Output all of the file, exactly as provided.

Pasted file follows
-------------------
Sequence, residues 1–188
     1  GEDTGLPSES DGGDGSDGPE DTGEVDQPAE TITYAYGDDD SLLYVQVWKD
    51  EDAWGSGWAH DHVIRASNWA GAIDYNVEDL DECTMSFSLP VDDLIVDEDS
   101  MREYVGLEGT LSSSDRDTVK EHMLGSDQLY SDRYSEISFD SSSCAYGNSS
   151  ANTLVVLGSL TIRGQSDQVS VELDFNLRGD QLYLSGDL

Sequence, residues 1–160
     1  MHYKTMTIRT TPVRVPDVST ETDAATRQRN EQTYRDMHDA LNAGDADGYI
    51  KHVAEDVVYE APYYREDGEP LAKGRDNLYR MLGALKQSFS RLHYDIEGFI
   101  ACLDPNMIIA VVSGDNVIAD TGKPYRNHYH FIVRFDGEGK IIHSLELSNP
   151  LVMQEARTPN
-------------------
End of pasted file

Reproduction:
Sequence, residues 1–188
     1  GEDTGLPSES DGGDGSDGPE DTGEVDQPAE TITYAYGDDD SLLYVQVWKD
    51  EDAWGSGWAH DHVIRASNWA GAIDYNVEDL DECTMSFSLP VDDLIVDEDS
   101  MREYVGLEGT LSSSDRDTVK EHMLGSDQLY SDRYSEISFD SSSCAYGNSS
   151  ANTLVVLGSL TIRGQSDQVS VELDFNLRGD QLYLSGDL

Sequence, residues 1–160
     1  MHYKTMTIRT TPVRVPDVST ETDAATRQRN EQTYRDMHDA LNAGDADGYI
    51  KHVAEDVVYE APYYREDGEP LAKGRDNLYR MLGALKQSFS RLHYDIEGFI
   101  ACLDPNMIIA VVSGDNVIAD TGKPYRNHYH FIVRFDGEGK IIHSLELSNP
   151  LVMQEARTPN